Fri. Apr 19th, 2024

By Ene Oshaba  

The Association of Wives of the Federal Capital Territory (FCT) Traditional Rulers (AWTR) has called on the federal government to dialogue with the original inhabitants in amending the constitution.

President of the Association, Her Royal Highness (HRH) Hauwa Kulu Ibrahim, made the call in Abuja during the press conference to mark the International Day of Indigenous Peoples celebrated on the theme  ‘The Role of Indigenous Women in the Preservation and Transmission of Traditional Knowledge.’

The International Day of the World’s Indigenous Peoples is celebrated globally on August 9. It marks the date of the inaugural session of the working group on Ingenous Population in 1982.

Represented by the Secretary of the Association Mrs. Halima Mohammed ESQ, Ibrahim noted that the indigenous people of the FCT have long clamoured for a second tier of administration, in line with section 299 of the constitution to enable them operate like other states in the country.

She expressed worry that the court judgment in favour of the FCT indigenes has continually been flouted by the government, thereby depriving them the right to inclusion in governance even when they made room for their land to be used as the nation’s capital.

“‘Éven when the people sought redress through the court, the court judgement is not obeyed by the government, therefore, intentionally excluding the people from the governance process. 

”The remedy to this impasse begins with an act of recognition. Recognising that it was the Nigerian government who disposed of the original inhabitants, they took our traditional land and our traditional way of life, by virtue of Decree 6 of 1979 to make room for Nigeria capital and now has excluded the original inhabitants from participating in decision making,” she said.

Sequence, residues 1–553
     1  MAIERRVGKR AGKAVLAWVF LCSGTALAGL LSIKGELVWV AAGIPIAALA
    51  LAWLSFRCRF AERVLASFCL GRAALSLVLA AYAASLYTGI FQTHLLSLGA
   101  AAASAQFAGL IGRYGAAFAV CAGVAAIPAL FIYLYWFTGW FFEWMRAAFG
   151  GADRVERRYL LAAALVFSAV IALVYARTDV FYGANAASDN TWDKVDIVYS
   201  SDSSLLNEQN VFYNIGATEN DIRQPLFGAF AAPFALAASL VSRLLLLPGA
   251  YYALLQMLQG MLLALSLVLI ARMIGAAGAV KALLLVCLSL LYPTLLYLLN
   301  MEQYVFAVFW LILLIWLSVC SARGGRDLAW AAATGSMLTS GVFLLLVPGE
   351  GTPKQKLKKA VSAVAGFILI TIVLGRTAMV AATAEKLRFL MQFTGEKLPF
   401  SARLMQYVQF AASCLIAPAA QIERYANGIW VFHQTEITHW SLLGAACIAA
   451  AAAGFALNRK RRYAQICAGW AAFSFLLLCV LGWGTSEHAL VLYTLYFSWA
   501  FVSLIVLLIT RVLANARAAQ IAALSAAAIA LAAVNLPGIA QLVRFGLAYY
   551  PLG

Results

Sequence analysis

AWTR therefore requested that the government appoint a special envoy on FCT indigenous people concerns, saying this will show that the government is paying due respect to the original Inhabitants whose sacrifice of ancestral heritage is enabling national development objectives.

She also lamented high level of discrimination against women, describing their status as “double jeopardy” especially with the lack of access to quality and adequate healhcare and education. 

“Despite the crucial role of women as breadwinners, caretakers, knowledge keepers, leaders and human rights defenders, it is not enough.  Women suffer from various levels of discrimination on the bases of gender, class, ethnicity and socioeconomic status.

“It is a double jeopardy for women and girls that are also original Inhabitants,  who do not have access to healthcare and education.  It is a double jeopardy because,  besides our ancestral lands being violated by the government, there is limited participation in Political life.

“The indigenous women particularly suffer high levels of poverty,  low level of education and illiteracy,  limitations in the access to health, basic sanitation,  employment and domestic and secual violence,” she decried.

The indigenous women therefore called on the government to empower its women to be visible and offered the chance to make contributions to laws, policies that are directly affecting the indigenous women such as violence, natural resources and food production, stressing that supporting the women will strengthen the community and FCT in general. 

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